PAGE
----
In its application to a remote control gearshift mechanism for a cab-over engine truck as herein illustrated, the shaft comprising the transmitter unit control member has an upward extension (i.e. gearshift lever) which is angled in relation to the shaft axis to a manual handgrip on its upper end which is radially offset from such axis as a means to revolve the shaft and thereby select the line of gears or gear rail in the transmission having the gear to be engaged. In this preferred embodiment, the second crank arm mentioned above comprises a downward extension of the pivotably and rotatably guided shaft which can be swung by operation of the manual gearshift lever in order to select a particular gear to be engaged in the transmission of the vehicle. In all embodiments, the push-pull cable members are operated singly in the respective modes of control member motion so as to minimize friction loading and backlash in the system.
These and other features, objects and advantages of the invention will become more fully evident as the description proceeds by reference to the accompanying drawings.
FIG. 1 is a simplified side view of a cab-over engine truck incorporating a manually operated remote transmission gearshifter mechanism of this invention.
FIG. 2 is a perspective view of the mechanism, that portion in the upper part of the FIGURE representing the cab-mounted transmitter and that in the lower part of the FIGURE, the transmission-mounted receiver.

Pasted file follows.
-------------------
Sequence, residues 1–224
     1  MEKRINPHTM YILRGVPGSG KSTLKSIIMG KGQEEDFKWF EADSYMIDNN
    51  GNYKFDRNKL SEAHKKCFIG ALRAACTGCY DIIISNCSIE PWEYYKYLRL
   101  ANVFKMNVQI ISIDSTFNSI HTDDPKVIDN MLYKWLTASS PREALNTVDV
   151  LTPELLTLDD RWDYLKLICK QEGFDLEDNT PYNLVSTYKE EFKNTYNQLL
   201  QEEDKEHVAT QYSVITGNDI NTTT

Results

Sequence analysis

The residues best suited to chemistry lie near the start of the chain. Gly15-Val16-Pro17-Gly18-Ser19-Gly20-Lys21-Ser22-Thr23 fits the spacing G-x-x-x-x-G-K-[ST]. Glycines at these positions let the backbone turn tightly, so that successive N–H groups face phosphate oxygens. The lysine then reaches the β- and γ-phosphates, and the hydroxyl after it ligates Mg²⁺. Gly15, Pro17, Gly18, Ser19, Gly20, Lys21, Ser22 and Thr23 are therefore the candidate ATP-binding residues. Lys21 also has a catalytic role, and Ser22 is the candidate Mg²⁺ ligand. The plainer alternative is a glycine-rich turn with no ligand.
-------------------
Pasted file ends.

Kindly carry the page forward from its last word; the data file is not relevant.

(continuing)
FIG. 3 is a side elevation, partly in section, of the transmitter unit and cable couplings, while FIG. 4 is an end elevation of the transmitter unit section on line 4--4 in FIG. 3.
FIG. 5 is a partially sectioned end elevation of the receiver unit, while FIG. 6 is a sectioned side elevation taken on line 6--6 in FIG. 5, and FIG. 7 is a top view thereof.
FIGS. 8 and 9 are simplified and, in a sense, schematic perspectives of two alternative embodiments of the transmitter or control member unit.
FIG. 1 illustrates in outline form the general configuration of a cab-over engine truck T having a cab C that can be raised on a pivot C1 into the dotted line position for gaining access to the underlying mechanical systems including the engine (not shown) and the transmission unit U. Within the cab of the truck is mounted, at the usual convenient location, a manual gearshift lever 10 with a hand knob 12 on its upper end, and with its lower end portion comprising a shaft 22 extending down into and through a floor-mounted transmitter unit 14. Shaft 22 has two modes of motion. In one, according to the preferred embodiment, the control lever 10 is swung transversely of the truck about the upright axis of shaft 22, and the movable central member of a coaxial push-pull cable 16 is actuated thereby to produce component motion in the receiver unit 18 so as to select one of the gear rails in the underlying transmission unit U. On the other hand, manual shifting of the operating lever 16 in the direction fore and aft of the vehicle rocks the shaft 22 about a transverse axis. This acts through a second push-pull cable 20 so as to produce component motion in the receiver unit 18 causing selective engagement of one of the drive gears in the transmission unit U associated with the gear rail first selected. The use of flexible push-pull coaxial cables avoids the necessity of mechanically connecting and disconnecting the gearshift transmitter unit in the truck cab with the receiver unit 18 on the drive transmission U each time the cab is raised and lowered, and it also permits truck design variations to be positionally accommodated by flexing of the cables.